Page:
Also during the 1960s, he started painting enlarged copies of black-and-white photographs using only grey colours. This technique of making paintings from found photos was one he continued to refine for more than 25 years. His most famous images of this type were created in 1989 from photos of the bodies of Red Army Faction terrorists, found hanged in their cells. Richter's use of such ready-made sources gave his works an apparent objectivity that he felt abstract art lacked. At the same time, the ghostly character of these indistinct images that emerges during their transformation with thick layers of paint, helps to liberate them from their customary associations, and maintains an ambivalent tension between imagination and reality - another favourite Richter theme. Indeed Richter has maintained a lifelong fascination for the question as to which medium - photography or painting - offers a more complete version of reality.

During the mid-1970s, Richter abandoned all traces of representational art and began to create a style of abstract painting completely devoid of subject-matter - a style referred to by the umbrella term "Neo-Expressionism" or sometimes "New Image Painting". But even these "invented" paintings retain a second-hand look, as though the brushwork has been taken from photographs.

Stained Glass Art

Richter's 2007 design for a stained glass window for Cologne Cathedral replaced one of clear glass, in use since the war. His abstract design of 11,200 panes of coloured glass was created by random computer generation. It sought to demonstrate that what appears to be coincidence is part of a divine design. However, the Roman Catholic Cardinal Joachim Meisner objected, citing his preference for the inclusion of Saints Maximilian Kolbe and Edith Stein - both murdered by the Nazis. He commented that Richter's glass design belonged in a mosque rather than a Christian church, saying: "it should be one that reflects our faith, not just any faith." (See also: Stained Glass Materials and Methods.)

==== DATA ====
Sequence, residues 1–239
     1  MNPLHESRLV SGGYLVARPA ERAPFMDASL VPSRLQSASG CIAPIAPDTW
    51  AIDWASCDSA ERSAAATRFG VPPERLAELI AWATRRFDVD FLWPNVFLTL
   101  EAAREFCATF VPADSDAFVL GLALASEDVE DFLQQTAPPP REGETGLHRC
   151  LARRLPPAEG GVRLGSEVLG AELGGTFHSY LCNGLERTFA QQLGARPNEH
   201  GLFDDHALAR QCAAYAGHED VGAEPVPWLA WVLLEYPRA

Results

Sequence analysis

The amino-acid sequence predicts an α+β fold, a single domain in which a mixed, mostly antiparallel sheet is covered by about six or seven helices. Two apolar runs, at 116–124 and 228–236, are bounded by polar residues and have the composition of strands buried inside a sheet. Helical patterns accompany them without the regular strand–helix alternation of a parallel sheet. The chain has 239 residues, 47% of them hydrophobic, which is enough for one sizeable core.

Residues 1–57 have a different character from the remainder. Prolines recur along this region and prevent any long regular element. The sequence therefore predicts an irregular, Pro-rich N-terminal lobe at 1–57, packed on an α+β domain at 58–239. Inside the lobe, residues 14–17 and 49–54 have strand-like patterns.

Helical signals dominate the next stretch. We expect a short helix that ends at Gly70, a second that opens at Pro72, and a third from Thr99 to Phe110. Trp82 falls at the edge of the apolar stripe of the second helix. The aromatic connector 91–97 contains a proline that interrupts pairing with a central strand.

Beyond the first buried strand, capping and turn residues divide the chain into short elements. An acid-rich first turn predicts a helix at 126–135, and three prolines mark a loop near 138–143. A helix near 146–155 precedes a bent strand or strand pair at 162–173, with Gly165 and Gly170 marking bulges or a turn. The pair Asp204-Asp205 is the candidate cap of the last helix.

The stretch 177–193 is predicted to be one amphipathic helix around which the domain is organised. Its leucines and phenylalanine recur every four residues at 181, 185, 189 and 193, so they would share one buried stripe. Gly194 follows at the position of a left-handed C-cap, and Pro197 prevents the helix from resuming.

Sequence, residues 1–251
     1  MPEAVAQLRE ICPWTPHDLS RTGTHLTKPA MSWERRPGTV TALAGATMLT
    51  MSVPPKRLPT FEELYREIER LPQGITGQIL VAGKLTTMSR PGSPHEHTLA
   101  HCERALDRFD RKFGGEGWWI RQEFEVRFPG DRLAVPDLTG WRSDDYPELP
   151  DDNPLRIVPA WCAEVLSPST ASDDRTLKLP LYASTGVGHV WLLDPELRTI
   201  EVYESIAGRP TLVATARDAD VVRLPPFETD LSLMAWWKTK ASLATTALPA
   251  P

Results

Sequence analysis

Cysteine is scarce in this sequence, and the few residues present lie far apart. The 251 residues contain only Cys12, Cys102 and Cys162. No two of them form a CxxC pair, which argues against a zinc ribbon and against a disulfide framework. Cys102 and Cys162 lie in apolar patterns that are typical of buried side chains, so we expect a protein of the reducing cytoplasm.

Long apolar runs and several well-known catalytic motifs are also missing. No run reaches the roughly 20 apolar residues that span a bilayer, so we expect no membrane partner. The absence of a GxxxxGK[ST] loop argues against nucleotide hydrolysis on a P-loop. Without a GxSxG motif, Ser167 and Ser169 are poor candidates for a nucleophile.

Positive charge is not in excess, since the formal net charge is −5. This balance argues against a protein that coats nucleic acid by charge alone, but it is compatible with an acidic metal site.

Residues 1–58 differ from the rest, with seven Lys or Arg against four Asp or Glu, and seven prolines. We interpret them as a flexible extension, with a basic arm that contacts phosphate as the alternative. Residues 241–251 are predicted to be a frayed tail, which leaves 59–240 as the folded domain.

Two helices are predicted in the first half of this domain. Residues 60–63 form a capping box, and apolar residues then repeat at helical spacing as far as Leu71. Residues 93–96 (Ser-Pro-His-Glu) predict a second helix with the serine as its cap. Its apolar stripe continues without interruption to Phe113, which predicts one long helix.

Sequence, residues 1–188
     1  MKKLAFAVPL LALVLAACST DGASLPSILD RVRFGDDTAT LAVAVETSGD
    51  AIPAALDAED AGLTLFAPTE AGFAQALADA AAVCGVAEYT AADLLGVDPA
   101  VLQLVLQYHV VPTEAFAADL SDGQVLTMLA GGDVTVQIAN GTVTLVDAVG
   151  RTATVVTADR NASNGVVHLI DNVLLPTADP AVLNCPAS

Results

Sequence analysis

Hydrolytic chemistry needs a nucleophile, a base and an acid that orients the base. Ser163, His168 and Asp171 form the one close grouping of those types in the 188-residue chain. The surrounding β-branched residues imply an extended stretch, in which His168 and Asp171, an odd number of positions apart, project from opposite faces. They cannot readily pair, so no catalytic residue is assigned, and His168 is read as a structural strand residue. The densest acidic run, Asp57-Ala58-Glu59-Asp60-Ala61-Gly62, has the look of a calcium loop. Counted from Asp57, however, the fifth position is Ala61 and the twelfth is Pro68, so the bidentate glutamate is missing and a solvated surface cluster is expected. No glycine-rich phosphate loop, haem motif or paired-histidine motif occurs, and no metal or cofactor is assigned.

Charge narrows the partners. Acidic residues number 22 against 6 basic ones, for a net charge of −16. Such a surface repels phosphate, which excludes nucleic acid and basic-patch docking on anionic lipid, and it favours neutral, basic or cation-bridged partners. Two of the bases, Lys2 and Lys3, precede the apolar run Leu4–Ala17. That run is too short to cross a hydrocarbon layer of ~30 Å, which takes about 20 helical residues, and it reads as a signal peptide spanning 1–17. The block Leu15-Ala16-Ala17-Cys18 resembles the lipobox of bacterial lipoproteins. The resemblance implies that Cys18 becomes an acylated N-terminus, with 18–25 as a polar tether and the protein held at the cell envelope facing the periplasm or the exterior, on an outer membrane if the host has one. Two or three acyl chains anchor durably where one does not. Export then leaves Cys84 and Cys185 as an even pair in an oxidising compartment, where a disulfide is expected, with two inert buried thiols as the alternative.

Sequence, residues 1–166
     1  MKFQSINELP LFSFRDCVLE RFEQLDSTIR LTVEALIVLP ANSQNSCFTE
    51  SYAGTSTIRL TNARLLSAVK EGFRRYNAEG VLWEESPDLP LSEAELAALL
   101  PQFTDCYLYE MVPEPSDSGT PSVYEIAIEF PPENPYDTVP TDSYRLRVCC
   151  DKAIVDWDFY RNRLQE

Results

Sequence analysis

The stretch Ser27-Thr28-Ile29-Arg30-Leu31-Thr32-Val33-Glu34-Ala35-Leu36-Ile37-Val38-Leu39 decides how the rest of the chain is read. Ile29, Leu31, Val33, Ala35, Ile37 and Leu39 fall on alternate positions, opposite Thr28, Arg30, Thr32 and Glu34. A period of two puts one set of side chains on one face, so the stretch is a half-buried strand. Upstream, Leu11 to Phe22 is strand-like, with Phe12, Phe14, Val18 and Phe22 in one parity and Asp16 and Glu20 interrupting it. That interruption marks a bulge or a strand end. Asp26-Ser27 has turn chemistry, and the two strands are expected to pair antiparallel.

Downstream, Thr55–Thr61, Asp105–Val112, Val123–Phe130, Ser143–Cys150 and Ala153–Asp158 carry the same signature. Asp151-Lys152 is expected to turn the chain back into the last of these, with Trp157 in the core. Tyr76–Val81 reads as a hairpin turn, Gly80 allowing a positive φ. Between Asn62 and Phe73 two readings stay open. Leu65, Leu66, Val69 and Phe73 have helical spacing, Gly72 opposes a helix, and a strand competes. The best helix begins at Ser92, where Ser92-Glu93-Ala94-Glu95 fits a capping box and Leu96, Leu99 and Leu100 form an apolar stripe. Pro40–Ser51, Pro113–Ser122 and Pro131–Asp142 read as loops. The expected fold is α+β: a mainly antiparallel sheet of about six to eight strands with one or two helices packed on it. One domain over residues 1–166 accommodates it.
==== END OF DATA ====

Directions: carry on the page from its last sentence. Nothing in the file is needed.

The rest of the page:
Overall, one might characterize Richter as having worked alongside, but never fully embraced, a succession of contemporary art movements, including Abstract Expressionism, Pop Art, Minimalism, and Conceptualism. While he has ingested many of their ideas, he remains deliberately wary of all artistic credos. In this sense, he is following in the footsteps of previous greats, like Joan Miro (1893-1983) and Pablo Picasso (1881-1973), who continued to reinvent themselves over fifty years or more.

Solo Exhibitions

Paintings by Gerhard Richter can be seen in many of the best art museums around the world. He has also enjoyed numerous one-man shows, including the following:

2012 - Panorama at the Centre Pompidou, Paris.
2012 - Panorama at the Neue Nationalgalerie, Berlin.
2011 - Panorama at the Tate Modern, London.
2009 - Portraits at the National Portrait Gallery, London.
2008 - 4900 Colours: Version II - Serpentine Gallery, London.
2002 - Retrospective at the Museum of Modern Art, New York.
1998 - Retrospective at the Art Gallery of Ontario.
1998 - Retrospective at the Museum of Contemporary Art, Chicago.
1991 - Retrospective at the Tate Gallery, London.
1986 - Retrospective at Kunsthalle Dusseldorf.


• For biographies of other contemporary German painters, see: Postmodernist Artists.
• For more details of contemporary art in Germany, see: Homepage.